Washington Throws Chemical Safety Standards Out the Window, Are Fracking Chemicals Next?

As our elected officials in Washington attempt to sell us on the idea that we need to go to war against anyone who uses chemical weapons, they are working to remove safety standards that protect citizens from corporate America’s ongoing chemical assault.

In recent weeks, the Environmental Protection Agency (EPA) has rolled back safety regulations for the chemical industry, while the U.S. House of Representatives has prepared to take aim at the government’s ability to monitor chemicals and other safety hazards posed by fracking.

Bowing to pressure by the chemical industry, the EPA has decided to withdraw a proposal that would have added numerous new substances to their database of hazardous chemicals, which is used to issue public health assessments and warnings.  One of the substances is Bisphenol A, a chemical used in the manufacture of certain plastics that has been linked to an increased risk of cancer and reproductive impacts.

The EPA had previously expressed a great deal of concern over the lack of safety standards in place for toxic chemicals that studies had shown were dangerous to the public, but the pressure coming from the chemical industry was far too great for them to overcome.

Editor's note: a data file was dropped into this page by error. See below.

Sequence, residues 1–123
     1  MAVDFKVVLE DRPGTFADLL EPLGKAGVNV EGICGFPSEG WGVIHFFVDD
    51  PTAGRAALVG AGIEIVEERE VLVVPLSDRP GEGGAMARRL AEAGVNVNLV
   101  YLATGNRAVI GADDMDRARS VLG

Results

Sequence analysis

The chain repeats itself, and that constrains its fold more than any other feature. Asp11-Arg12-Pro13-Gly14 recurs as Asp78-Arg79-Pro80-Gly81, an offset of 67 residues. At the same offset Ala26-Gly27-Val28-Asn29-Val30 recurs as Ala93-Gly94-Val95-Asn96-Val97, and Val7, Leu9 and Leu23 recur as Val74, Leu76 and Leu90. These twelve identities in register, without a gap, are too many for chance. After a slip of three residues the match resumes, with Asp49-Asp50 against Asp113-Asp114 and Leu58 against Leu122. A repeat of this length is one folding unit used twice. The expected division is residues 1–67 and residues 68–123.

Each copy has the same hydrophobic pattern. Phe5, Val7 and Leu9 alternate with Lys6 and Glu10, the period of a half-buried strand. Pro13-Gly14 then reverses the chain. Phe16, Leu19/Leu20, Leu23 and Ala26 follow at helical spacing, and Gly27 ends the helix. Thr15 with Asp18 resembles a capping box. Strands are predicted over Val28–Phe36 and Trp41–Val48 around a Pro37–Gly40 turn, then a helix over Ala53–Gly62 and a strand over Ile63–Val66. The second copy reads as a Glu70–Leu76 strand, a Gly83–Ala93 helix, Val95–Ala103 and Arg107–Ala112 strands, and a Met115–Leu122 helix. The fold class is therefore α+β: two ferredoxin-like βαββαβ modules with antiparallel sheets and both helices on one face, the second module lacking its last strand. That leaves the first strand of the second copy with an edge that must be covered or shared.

The American Chemistry Council, a lobbying group that operates as the political arm of chemical manufacturers, believes that the EPA made a “wise decision” to not go forward with their new proposals.  The group has spent more than $4 million this year alone lobbying the U.S. Senate, the U.S. House, and the EPA.

Rather than compiling their lists now, as their proposed rule allowed, the EPA decided to wait until all chemicals are thoroughly and repeatedly analyzed, a process expected to finish in 2017, unless delayed. Then they will begin the process of drafting new proposals. 

This means that the American public will suffer another four years of inaction and exposure to chemicals that the agency already knows are toxic.

Leaked: National Roundtable on the Environment and Economy's Final Farewell Report

It is being reported today that Canada's Minister of the Environment, Peter Kent, would not allow the public posting of a final report by the now-defunct National Roundtable on Energy and Environment (NRTEE), a 25-year old government funded project that brought together Canada's brightest minds to work on the convergence of environmental sustainability and economic prosperity. 

Minister Kent's order also prevents NRTEE materials from being transferred to a University of Ottawa think-tank, Sustainable Prosperity, where they will be made publicly available.

According to press reports, in response to a letter of request to post the final report from the acting NRTEE chair, Minister Kent wrote:

“…the National Round Table on the Environment and the Economy (NRTEE) will upload no further content to its external website, as of the date on which this direction is signed.”

DeSmog Canada has been sent a copy of the final report which is available in its entirety here: Reflections of Past Leaders of the NRTEE.

Minister Kent will also not allow 25-years worth of materials and research compiled by the NRTEE to remain publicly available on its website, raising fears amongst public stakeholders that the government may attempt to bury the documents. 

Ryan Budget Includes Mandatory Approval Of Keystone XL, Other Dirty Energy Giveaways